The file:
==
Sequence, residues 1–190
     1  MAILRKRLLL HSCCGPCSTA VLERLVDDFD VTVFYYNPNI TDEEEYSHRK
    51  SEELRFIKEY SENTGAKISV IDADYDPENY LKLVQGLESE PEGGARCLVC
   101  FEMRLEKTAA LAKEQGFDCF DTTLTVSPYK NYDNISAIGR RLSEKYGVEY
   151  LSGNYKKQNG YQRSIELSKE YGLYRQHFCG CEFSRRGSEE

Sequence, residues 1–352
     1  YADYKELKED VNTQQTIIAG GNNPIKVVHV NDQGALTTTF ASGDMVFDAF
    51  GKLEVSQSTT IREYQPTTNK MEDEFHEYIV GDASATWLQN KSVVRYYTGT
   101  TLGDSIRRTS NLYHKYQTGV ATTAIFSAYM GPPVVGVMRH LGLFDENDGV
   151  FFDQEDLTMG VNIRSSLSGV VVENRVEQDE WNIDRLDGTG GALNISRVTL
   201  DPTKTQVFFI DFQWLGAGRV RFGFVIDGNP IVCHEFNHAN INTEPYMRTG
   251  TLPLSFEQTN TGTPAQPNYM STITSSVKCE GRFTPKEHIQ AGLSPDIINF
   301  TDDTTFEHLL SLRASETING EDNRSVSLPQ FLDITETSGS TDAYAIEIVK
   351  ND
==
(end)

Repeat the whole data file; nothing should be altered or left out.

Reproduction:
Sequence, residues 1–190
     1  MAILRKRLLL HSCCGPCSTA VLERLVDDFD VTVFYYNPNI TDEEEYSHRK
    51  SEELRFIKEY SENTGAKISV IDADYDPENY LKLVQGLESE PEGGARCLVC
   101  FEMRLEKTAA LAKEQGFDCF DTTLTVSPYK NYDNISAIGR RLSEKYGVEY
   151  LSGNYKKQNG YQRSIELSKE YGLYRQHFCG CEFSRRGSEE

Sequence, residues 1–352
     1  YADYKELKED VNTQQTIIAG GNNPIKVVHV NDQGALTTTF ASGDMVFDAF
    51  GKLEVSQSTT IREYQPTTNK MEDEFHEYIV GDASATWLQN KSVVRYYTGT
   101  TLGDSIRRTS NLYHKYQTGV ATTAIFSAYM GPPVVGVMRH LGLFDENDGV
   151  FFDQEDLTMG VNIRSSLSGV VVENRVEQDE WNIDRLDGTG GALNISRVTL
   201  DPTKTQVFFI DFQWLGAGRV RFGFVIDGNP IVCHEFNHAN INTEPYMRTG
   251  TLPLSFEQTN TGTPAQPNYM STITSSVKCE GRFTPKEHIQ AGLSPDIINF
   301  TDDTTFEHLL SLRASETING EDNRSVSLPQ FLDITETSGS TDAYAIEIVK
   351  ND